Iditarod reaches a turning point in Nikolai

The village of Nikolai was bustling all day as dog teams pulled in and out of the sixth checkpoint on the Iditarod trail. After teams have passed over some of the roughest trail, the race reaches a turning point. From here, mushers will evaluate their dogs as they try to decide how best to execute a their race plans.

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There’s a flu going around on the Iditarod trail and Dallas Seavey has it.

“I think I’m getting better now, but these first couple days have been unpleasant to say the least,” said Seavey.

The Nikolai dog yard filled up Tuesday afternoon. Photo by Emily Schwing / KNOM Radio Mission.
The Nikolai dog yard filled up Tuesday afternoon. Photo by Emily Schwing / KNOM Radio Mission.

But Seavey isn’t looking back. As he scarfed a bowl of chicken soup in Nikolai’s school cafeteria, he was trying to figure out his next move.

“This is a pretty major turning point in the race,” said Seavey. “What we do out of here will determine where we take our 24. I’ve gotta make that decision. I’m not sure where the destination is yet.”

Mushers have to take a mandatory 24-hour layover somewhere along the trail. Seavey’s team is a mix of experienced veterans and a few young dogs he describes as “monsters.” He says he’s trying to figure out where to take his rest to ‘maximize’ what his dogs can do.

“It would be a very, very, very safe move for me to just go over to Takotna and take my 24. But I don’t know if that’s the best thing for the team. Sometimes it’s really hard to run a team by knowing what a team should look like coming into the 24, even if that means pushing them a little harder to get them to look like that, but you know, these are good problems, so we’ll figure it out,” said Seavey.

“This is a pretty major turning point in the race,” said Seavey. “What we do out of here will determine where we take our 24. I’ve gotta make that decision. I’m not sure where the destination is yet.”

Aside from the good kind, problems mushers are dealing with include banged up bodies and shredded runner plastic. Outside of Rohn, there’s roughly 15 miles of snowless, rough trail through an area decimated by wildfire. In 2014, the trail ended a number of races. So mushers were a little leery heading into the race. Aliy Zirkle made a snack for her dogs as they rested in the sun.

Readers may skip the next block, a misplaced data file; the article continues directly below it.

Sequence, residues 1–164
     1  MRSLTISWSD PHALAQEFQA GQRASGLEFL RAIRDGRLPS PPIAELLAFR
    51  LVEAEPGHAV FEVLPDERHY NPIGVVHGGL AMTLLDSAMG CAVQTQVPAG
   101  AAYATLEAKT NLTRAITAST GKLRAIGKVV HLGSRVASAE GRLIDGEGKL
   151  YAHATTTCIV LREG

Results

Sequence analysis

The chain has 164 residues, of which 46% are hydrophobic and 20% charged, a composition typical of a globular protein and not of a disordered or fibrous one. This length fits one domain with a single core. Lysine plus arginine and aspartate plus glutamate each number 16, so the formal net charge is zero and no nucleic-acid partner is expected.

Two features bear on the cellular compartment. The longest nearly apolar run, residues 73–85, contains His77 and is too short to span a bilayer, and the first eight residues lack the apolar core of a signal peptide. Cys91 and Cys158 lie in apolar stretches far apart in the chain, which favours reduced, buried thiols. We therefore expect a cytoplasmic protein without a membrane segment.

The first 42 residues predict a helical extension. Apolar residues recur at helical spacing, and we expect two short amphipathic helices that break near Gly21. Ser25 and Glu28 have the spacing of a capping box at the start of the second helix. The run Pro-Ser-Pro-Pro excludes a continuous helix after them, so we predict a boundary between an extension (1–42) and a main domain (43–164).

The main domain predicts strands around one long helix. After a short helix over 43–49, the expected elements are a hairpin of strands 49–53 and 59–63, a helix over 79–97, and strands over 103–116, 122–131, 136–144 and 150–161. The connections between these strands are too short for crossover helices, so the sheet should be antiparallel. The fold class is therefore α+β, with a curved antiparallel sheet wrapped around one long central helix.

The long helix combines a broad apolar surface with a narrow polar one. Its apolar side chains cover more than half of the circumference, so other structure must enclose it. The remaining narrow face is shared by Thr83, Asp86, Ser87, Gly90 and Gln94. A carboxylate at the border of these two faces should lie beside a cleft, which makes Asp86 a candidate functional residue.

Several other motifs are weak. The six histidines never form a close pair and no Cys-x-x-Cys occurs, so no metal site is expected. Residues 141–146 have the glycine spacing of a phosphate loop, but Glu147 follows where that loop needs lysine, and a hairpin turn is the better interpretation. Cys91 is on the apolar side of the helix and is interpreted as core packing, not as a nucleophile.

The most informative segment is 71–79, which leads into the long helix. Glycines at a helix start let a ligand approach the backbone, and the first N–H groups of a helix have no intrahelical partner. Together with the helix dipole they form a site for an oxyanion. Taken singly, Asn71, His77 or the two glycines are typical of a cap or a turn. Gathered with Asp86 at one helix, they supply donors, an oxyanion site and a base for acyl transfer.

“Nothing like two years ago, so can’t complain about that,” said Aliy Zirkle.

But it was far from pristine.

“It was still definitely mushing on dirt,” said Zirkle.

Zirkle says her dogs didn’t seem to mind, but she was a little sore.

“The dogs are like your dog, running down the trail in the summer like ‘woohoo, this is great,’ but actually I’ve got cramps in my arms just making sure I didn’t let go at the wrong time,” said Zirkle.

Paul Gebhardt described his experience through the Farewell Burn in his 20th Iditarod.

“Frozen dirt, no snow at all, rougher than a cob,” said Gebhardt. “And then where it was a little bit of snow, it would glaciate on a side hill, down toward the trees, so I wiped out two big trees, but I didn’t break my sled I don’t think.”

Gebhardt says that run has never gone smoothly.

“I’ve not had a good run to Nikolai in 10 years,” said Gebhardt.

Reporter: “and this year?”

“Nope, I carried three dogs. I’ve carried dogs every time for the last ten years. I can’t break that jinx, I don’t know what it is. It’s just really rough trail out there. It takes a toll,” said Gebhardt.

Gebhardt’s next step is to figure out what kind of rest his team needs and where they need it.

“I’m set up where I can do it wherever, but I will like to get to the river. I don’t know if these guys will bounce back after a nice rest or not. A lot of it will depend on what they look like when I get to Takotna,” said Gebhardt.

Some mushers will opt to hunker down at the next checkpoint in McGrath for a long rest. Others may gamble and continue on as far as Ruby, the halfway point in the race, where the trail meets the Yukon River.

As for Aliy Zirkle, she says she plans to play it safe. She was on her way to grab some water for her dog team.

“I’m going to tip-toe this team to Takotna like I usually do and see what I’ve got. I think that’s a good thing to figure out before you start pressing the heck out of them,” said Zirkle.